Peder Clark, Ph.D
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women in the history of psychedelic plant medicines

Growing up in Britain in the mid ‘90s, the name, and image, of Leah Betts featured prominently in my drugs education. Black billboards across the UK proclaimed: “Sorted – just one ecstasy tablet took Leah Betts.” A Polaroid picture of Betts on a life-support machine, shortly before she died after taking an Ecstasy pill at her eighteenth birthday party, was circulated widely around secondary (high) schools. The message that I understandably took from this material was that, in the words of South Park, a programme popular with adolescent boys around the time, “drugs are bad, m’kay?”

But I also became aware that if ecstasy and other drugs were bad, they were particularly bad for young women. Male pop stars such as East 17’s Brian Harvey notoriously boasted in 1997 that he took twelve Ecstasy pills in one night with no serious consequences, while Noel Gallagher of Oasis – at that point Britain’s biggest band – described taking drugs as “like getting up and having a cup of tea in the morning.” For men therefore, Ecstasy was an everyday, laddish indulgence, whilst for women, it was a fatal vice. These half-remembered impressions of my teenage years have subsequently been reinforced by my academic research.

Author Marek Kohn (1996), writing in History Workshop at the time, drew a comparison between one of the subjects of his book Dope Girls – Freda Kempton,who died from a cocaine overdose in 1922 – and the salutary case of Betts:

“Both women were young; both died as a consequence of taking illegal drugs; both became posthumous examples whose fate was suggested to express a fundamental truth about the nature of illicit drug use. Both took a stimulant drug associated with a popular dance subculture of questionable legitimacy.”

– Marek Kohn

The “fundamental truth” that Kohn pointed out was the moral opprobrium that routinely greets female use of psychoactive substances, while the “popular dance subculture of questionable legitimacy” was, in Ecstasy’s case, “rave.”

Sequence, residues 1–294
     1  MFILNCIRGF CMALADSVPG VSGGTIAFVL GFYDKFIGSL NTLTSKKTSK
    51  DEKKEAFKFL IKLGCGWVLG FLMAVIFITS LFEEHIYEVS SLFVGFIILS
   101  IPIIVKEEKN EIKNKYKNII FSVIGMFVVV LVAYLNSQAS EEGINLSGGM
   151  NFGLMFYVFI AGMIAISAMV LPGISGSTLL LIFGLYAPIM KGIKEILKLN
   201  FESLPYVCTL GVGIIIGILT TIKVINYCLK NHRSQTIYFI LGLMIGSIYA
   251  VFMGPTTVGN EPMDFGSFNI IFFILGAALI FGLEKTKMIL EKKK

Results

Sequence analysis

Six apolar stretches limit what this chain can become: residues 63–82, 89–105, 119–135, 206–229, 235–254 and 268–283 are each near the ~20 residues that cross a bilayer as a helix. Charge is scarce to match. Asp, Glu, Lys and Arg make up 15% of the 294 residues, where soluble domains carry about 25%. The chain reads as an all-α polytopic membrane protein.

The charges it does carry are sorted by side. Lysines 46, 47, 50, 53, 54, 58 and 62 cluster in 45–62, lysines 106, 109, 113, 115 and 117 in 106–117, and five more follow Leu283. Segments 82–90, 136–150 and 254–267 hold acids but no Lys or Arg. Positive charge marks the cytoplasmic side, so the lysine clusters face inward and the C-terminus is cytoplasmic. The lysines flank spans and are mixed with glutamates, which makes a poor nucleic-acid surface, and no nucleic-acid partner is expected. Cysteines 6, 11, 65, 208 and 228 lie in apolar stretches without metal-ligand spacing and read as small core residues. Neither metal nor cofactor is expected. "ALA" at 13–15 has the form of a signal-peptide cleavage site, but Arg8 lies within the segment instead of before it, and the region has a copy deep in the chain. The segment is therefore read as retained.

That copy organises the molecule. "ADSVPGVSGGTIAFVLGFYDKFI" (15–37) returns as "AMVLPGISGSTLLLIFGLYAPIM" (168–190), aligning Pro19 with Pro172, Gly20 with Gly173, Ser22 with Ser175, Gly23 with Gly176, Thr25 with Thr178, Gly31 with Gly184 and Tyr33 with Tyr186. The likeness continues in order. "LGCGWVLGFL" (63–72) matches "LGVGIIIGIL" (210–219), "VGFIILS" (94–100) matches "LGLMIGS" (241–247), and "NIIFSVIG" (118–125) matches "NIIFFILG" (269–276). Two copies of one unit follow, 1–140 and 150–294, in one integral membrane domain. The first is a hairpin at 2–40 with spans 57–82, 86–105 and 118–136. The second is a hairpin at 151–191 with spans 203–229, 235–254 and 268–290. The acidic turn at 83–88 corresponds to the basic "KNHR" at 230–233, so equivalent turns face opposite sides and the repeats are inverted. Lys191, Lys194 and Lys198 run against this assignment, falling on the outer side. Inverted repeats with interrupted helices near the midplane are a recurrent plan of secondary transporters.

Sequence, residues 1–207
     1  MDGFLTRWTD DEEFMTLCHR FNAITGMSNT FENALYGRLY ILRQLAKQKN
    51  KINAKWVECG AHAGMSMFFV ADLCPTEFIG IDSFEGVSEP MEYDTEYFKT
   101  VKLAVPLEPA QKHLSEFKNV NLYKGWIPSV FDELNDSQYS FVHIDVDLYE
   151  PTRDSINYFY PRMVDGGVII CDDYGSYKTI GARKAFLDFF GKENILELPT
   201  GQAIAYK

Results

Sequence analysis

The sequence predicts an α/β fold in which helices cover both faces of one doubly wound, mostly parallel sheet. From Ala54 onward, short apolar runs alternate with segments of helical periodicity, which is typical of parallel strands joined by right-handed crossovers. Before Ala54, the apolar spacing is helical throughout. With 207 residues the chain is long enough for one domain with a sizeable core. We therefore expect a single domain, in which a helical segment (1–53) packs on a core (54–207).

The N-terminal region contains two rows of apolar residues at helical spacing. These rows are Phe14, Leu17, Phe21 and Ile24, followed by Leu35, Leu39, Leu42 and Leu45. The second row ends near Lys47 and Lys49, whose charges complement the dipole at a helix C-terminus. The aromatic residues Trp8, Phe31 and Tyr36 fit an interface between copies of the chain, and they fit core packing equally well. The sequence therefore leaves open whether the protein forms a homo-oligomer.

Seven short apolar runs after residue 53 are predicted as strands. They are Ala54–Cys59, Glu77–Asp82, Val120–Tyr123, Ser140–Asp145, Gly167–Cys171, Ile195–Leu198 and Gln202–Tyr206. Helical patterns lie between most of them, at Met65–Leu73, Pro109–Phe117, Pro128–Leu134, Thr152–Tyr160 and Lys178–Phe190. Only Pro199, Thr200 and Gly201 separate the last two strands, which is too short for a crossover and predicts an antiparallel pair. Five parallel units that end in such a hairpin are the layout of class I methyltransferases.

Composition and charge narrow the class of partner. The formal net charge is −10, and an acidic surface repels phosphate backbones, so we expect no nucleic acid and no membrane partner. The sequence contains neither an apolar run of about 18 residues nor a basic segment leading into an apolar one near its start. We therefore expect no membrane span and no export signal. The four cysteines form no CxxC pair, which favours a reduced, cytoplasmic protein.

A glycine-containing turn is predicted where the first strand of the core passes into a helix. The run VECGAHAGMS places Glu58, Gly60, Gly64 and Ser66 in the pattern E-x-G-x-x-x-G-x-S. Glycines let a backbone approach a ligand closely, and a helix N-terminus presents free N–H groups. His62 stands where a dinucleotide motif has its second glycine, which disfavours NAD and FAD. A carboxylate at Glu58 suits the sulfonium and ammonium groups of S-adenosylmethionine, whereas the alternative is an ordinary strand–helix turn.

Raves, Women, and Ecstasy

Ecstasy, or 3,4-Methyl​ene-dioxy-​meth-amphetamine (MDMA), was patented by Merck in 1914, before disappearing into obscurity until its reinvention by Californian chemist Alexander Shulgin in the 1960s. It was subsequently used experimentally in psychotherapeutic contexts such as relationship counselling for couples. But Ecstasy’s cultural moment came when it became used recreationally, initially in nightclubs in Dallas, Texas. By the mid-1980s, Ecstasy reached the UK, and its psychoactive properties, including euphoria, hallucinogenic effects and increased energy, were a perfect foil for the new house and techno music sweeping through British nightlife. What had started as an exclusive designer drug at fashionable nightclubs was soon being consumed at massive illegal “raves” with thousands of attendees, and by 1992 an estimated half a million young people were taking the drug regularly.

Alongside such widespread use, there were also a handful of unfortunate fatalities, which the British tabloid press were keen to publicise. The first widely-reported ecstasy-related deaths were of young women; Janet Mayes, following a party in Hampton Court, south west London in the autumn of 1988, and Claire Leighton, after an evening spent at fabled Manchester nightclub The Haçienda in July 1989. Doctors warned of users engaged in a “dance of death,” while harm reduction charities produced materials advising users on safer consumption.

Lifeline and Harm Reduction

One such organisation was Lifeline, an organisation active in Manchester since 1971, who had developed a character called Peanut Pete, based on a real-life raver who had engaged with their services, who had “a big nose, a head shaped vaguely like a peanut and his baseball cap on the wrong way around.”

Pete’s exploits ran over the course of several comics distributed to ravers outside clubs and in record shops and hairdressers, but Lifeline suspected that both his appearance and laddish exploits were not cutting through to the significant numbers of female ravers. As sociologist Angela McRobbie (1994) has written, while “[g]irls appear, for example, to be less involved in the cultural production of rave, from the flyers, to the events, to the DJing,” the emphasis on dancing, “where girls were always found in subcultures … gives girls a new-found confidence and a prominence.”

Described by Lifeline researcher Kellie Sherlock (1994) as “female version[s] of Peanut Pete,” Claire and Jose were subsequently developed by Lifeline, in consultation with focus groups. Their adventures across three comics illustrated some of the tensions with gender at the heart of rave culture, but also the ways in which Lifeline were responding to this apparently new drug.

Claire and Jose Get Off Their Cake